Beginning later this year, pipes will no longer be sold at Pipestone National Monument in southwestern Minnesota.
The move is the culmination of decades of contention and several years of more-formal talks about whether to continue selling pipes made from the quarries at Pipestone — spiritual objects carved from what many Native American tribes consider sacred ground.
Faith Spotted Eagle is chairperson of the Ihanktonwan Treaty Steering Committee and a member of the Yankton Sioux Tribe. She called pipestone “the blood of our people,” and said the decision to stop selling pipes at the monument is “a generational decision” that was the answer to decades of prayer.
Formal government-to-government discussions among the National Park Service and Native American tribes started in 2013. It’s a complex issue; selling the pipes carved from pipestone supports Native American craftspeople, but others argue that the sacred pipestone should not be sold.
Referring to past efforts to eliminate Native American language and culture — including government actions that took away control of the pipestone quarries — Spotted Eagle said “the paradox is that a place like that which deleted our presence there in the 1892 agreement began to sell pipes. … It was so hypocritical to us and so hard to fathom, with our grieving of the loss of that sacred place.”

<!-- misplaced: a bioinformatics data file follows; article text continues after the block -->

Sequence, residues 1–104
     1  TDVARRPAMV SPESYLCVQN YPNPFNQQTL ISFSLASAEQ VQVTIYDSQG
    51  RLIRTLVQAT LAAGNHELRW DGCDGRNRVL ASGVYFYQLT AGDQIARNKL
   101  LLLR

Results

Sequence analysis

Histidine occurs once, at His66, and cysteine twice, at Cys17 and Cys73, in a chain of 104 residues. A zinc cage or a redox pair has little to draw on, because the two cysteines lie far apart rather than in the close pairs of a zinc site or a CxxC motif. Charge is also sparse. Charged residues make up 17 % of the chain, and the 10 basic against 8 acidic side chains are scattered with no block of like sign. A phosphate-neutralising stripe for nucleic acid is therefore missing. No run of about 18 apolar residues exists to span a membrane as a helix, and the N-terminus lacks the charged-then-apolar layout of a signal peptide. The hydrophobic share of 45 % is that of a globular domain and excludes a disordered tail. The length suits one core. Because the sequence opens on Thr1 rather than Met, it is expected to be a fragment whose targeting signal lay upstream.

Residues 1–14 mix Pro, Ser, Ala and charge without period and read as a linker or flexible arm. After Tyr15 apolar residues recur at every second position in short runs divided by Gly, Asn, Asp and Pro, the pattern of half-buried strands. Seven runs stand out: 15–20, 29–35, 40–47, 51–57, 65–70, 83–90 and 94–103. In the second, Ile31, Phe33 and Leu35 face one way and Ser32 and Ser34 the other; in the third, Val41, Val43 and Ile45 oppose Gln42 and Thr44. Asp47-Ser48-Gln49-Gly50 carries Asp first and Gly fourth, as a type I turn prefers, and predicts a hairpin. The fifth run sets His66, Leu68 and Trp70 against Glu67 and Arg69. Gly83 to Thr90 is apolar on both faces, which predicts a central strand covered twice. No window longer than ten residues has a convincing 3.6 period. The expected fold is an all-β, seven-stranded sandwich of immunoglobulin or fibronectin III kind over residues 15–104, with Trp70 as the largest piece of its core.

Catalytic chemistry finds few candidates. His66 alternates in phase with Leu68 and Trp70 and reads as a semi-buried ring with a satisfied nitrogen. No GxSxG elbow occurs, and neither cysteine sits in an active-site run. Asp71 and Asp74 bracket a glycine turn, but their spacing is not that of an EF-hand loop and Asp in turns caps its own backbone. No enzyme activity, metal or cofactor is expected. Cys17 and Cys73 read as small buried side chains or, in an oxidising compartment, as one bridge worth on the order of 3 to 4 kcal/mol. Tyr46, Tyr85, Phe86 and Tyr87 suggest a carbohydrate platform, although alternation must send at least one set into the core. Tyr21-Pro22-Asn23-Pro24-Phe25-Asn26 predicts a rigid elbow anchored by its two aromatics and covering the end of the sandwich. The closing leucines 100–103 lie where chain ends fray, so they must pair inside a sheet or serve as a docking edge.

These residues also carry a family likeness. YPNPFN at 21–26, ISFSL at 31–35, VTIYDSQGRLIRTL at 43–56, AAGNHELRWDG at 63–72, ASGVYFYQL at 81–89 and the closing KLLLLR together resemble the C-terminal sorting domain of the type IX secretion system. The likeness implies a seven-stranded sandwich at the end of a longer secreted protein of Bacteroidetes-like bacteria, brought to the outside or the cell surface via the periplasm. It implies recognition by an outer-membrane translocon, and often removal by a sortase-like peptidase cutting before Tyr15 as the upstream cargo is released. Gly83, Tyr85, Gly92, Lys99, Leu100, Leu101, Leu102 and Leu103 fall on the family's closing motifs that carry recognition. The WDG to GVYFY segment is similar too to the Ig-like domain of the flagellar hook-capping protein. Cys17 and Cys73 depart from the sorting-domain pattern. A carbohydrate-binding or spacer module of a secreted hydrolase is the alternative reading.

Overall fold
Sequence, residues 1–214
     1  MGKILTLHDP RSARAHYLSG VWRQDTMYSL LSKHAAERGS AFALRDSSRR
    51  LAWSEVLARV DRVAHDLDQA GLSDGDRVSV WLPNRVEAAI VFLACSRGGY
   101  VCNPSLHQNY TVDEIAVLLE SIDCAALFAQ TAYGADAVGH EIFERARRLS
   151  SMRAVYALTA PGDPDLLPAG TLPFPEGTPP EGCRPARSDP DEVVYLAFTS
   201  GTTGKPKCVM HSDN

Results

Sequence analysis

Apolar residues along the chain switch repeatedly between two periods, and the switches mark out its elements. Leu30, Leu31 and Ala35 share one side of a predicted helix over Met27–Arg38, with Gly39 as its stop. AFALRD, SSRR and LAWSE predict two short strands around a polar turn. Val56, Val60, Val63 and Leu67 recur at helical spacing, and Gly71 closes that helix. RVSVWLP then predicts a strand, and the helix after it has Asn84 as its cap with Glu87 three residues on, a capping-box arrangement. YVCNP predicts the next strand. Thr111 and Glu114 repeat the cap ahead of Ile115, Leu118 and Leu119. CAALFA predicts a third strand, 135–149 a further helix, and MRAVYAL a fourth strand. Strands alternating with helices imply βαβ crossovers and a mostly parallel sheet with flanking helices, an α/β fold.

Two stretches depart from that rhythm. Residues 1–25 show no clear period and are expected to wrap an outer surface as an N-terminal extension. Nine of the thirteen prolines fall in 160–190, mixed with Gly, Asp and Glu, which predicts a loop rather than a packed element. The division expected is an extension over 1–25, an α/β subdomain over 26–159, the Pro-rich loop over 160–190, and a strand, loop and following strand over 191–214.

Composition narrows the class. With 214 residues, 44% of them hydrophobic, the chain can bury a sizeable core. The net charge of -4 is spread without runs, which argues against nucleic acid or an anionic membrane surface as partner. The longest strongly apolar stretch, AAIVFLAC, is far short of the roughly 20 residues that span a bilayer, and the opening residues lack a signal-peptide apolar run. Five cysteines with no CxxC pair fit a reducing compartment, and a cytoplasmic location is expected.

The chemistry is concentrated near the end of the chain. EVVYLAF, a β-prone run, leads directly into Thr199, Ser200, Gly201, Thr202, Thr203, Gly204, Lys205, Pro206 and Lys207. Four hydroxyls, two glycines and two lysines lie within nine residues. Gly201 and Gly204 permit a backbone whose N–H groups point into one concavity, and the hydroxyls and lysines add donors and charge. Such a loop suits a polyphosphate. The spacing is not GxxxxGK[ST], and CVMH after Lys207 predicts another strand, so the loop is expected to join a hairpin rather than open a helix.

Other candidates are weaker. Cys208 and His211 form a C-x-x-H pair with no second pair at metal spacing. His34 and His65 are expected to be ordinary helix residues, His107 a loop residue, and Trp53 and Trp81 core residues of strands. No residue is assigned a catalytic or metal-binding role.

She called the decision to end pipe sales on park grounds “a day of celebration that we have someone from the Park Service that can understand that we have a right to grieve what was lost and that we have been heard, that we don't want our sacred items to be sold.”
Under the new policy, pipestone carving will continue as part of the national monument’s cultural demonstration program, giving Native American craftspeople a chance to share their work and history with visitors. The store at the park, operated by the Pipestone Indian Shrine Association, will offer small pipestone crafts with background information on their significance.
The store operators will open a second location in downtown Pipestone, off park grounds and away from the quarries, where pipes carved from pipestone may continue to be sold.
“Ultimately we came to understand that the decision to carry a pipe is a deeply personal, cultural, spiritual responsibility — and that the National Park Service doesn’t have a role in that,” said Lauren Blacik, superintendent of the Pipestone National Monument.
“It’s a complex issue because there are so many different perspectives involved. It was by no means a clear-cut answer,” Blacik said.
She said one of the most important roles of park officials in the process was simply to listen. Monument staff regularly consult with 23 federally recognized tribes on a number of different topics.
“Consulting with tribal nations is a very important part of our management processes, and especially at a place like Pipestone National Monument, where we protect a site that is sacred to so many people and has been for thousands of years,” Blacik said. “It’s very important that tribes have a significant voice in those management decisions.”
The new policy was reached by consensus; not everyone was fully satisfied. Spotted Eagle said she’d like to see the sale of all pipestone objects — not just pipes — to end at the monument.
But she said the decision still represents a victory for generations of Native Americans who have had concerns about how the site is managed.
“We are thankful to all the people that have passed on that didn’t get to witness this,” she said. “But I'm sure they know it in the spirit world, so it is a celebration for them.”